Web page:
You can watch the final play and listen to the call here:

Monday, April 14, 2014

April 14, 1969: The Expos Take Down The Cards In Their Inaugural Home Opener

     On April 14, 1969, a regular season Major League Baseball game was  played on foreign soil for the first time as the Montreal Expos kicked off their home schedule at Jarry Park with an exciting  8-7 victory over the St. Louis Cardinals. 29,184 fans packed the stands to witness the historic occasion.

     Larry Jaster got the nod to start the contest for the Expos. One year earlier he had been pitching in St. Louis, then ended up being taken in the expansion draft. The first batter that stood at the plate in Montreal was future Hall of Famer Lou Brock who lined out to second base. The first hit on Canadian soil came off the bat of Curt Flood before Jaster retired the next two. In the bottom of the first Mack Jones hit a 3-run shot off of Nelson Briles to give the Expos their first lead of the day. With the fans still buzzing from the bomb, Jones came up in the second with two men on and legged out a triple to extend the lead to 5-0. Jaster looked to be helping his own cause in the third when he picked up an RBI single to put the squad from Montreal up 6-0. The crowd roared as the Expos took the commanding lead, but they would soon be brought back down to earth.

    Jaster was cruising through the Cardinals lineup until the fourth inning when two errors and a single loaded the bases for the light hitting Dal Maxvill who proceeded to hit a grand slam. Jaster looked to be settling down when he set the next two men down, but the fourth inning implosion wasn't over just yet. Curt Flood laced a single into left, then moved over to third on a balk.Vada Pinson knocked Flood in and the Montreal lead was cut down to 6-5. The next man up was Joe Torre and he crushed a Jaster pitch that gave the Cardinals a 7-6 lead. Jaster's day was over and Dan McGinn was the name that the Expos manager Gene Mauch called on. McGinn retired the next batter, but damage had been done.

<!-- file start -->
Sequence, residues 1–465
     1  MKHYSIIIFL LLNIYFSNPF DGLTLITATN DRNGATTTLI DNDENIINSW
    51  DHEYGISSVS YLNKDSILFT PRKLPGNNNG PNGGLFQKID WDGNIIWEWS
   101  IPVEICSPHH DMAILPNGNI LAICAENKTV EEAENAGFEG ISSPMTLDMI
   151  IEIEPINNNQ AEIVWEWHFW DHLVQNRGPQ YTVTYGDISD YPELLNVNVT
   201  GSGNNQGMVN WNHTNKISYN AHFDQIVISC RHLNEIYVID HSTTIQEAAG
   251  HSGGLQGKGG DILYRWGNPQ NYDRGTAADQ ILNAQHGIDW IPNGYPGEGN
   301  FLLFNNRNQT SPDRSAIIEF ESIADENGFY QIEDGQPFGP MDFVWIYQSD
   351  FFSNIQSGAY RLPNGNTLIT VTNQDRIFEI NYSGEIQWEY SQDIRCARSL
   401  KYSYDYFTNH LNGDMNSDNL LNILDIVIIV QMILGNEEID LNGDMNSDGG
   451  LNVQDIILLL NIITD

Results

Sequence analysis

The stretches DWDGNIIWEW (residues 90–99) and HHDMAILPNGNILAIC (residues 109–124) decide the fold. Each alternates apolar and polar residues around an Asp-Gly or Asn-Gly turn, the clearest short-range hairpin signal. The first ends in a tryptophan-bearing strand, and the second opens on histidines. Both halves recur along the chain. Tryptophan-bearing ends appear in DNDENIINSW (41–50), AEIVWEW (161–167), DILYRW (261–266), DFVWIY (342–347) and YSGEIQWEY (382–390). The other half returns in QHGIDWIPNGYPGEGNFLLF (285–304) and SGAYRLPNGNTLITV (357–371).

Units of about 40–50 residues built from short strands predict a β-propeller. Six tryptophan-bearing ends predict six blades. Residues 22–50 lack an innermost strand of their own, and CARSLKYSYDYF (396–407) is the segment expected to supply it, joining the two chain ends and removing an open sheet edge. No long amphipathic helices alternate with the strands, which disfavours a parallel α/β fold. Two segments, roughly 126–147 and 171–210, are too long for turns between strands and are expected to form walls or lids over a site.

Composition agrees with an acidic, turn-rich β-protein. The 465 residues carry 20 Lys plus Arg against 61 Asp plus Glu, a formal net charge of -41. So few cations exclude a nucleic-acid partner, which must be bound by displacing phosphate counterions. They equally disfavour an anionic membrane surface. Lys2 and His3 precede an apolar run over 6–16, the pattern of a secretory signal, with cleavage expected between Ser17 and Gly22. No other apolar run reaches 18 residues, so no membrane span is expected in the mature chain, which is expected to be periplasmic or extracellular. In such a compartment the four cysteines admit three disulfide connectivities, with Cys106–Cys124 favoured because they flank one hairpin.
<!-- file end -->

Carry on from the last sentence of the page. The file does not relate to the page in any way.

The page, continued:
Despite the fact that he had already given up six runs Briles was still on the bump for the Cards to begin the fourth inning. He gave up back-to-back singles to lead off the frame. With Mack Jones on his way to the plate Red Schoendienst  was not about to watch him tag Briles again, so he called on Gary Waslewski to put the fire out. Waslewski put Jones on with an intentional walk in hopes of setting up a double play or even a play at the plate, but disaster followed when he fired a wild pitch passed the Cardinals backstop Tim McCarver which brought Maury Wills trotting in to score from third. McGinn not only held the Cardinals batters in check the rest of the game, he also came up with the game winning hit in the seventh. McGinn's big hit was a single that brought third baseman Coco Laboy in to score. Behind McGinn's performance on the mound and at the plate, the fans in Montreal got to witness a win as their newly christened franchise walked away victorious.

You can check out the box score here:

This game garnered international attention with more than 200 reporters on hand. Before the contest political dignitaries along with club officials were announced. The loudest ovation that was heard during the pregame festivities came when Stan "The Man" Musial was introduced to the crowd. Musial was set to be inducted into the Baseball Hall of Fame later that same year.

Sunday, April 13, 2014

April 13, 1954: Willie's Back

     On April 13, 1954, a sixth inning 425 foot bomb off the bat of Willie Mays led the Giants to a 4-3 win over the Brooklyn Dodgers on Opening Day at the Polo Grounds in New York. Mays had missed the entire '53 season while serving in the military and made it be known that the Giants were going to be a team to reckon with. Coming into the game the Brooklyn club was picked as the odds on favorite to win repeat as Champions of the National League. Mays and company had other ideas as they took the National League Crown by 5 games in what was an MVP campaign for Mays. The Giants then went onto win the World Series.

      The big fly by Mays was the fifth of the contest. The Dodgers catcher Roy Campanella led the second inning off with a solo shot, watched the lead disappear in the third when Alvin Dark hit a two-run dinger. Campanella responded with another solo shot t lead off the fourth. The score stayed knotted at 2 until Hank Thompson gave one a ride into seatland in the bottom of the fifth to give the Giants a 3-2 edge. It was an edge that didn't last long. In the bottom of the sixth, Gil Hodges plated a run with a sac fly and once again the game was tied. This simply set the table for Mays who led the sixth off with his bomb.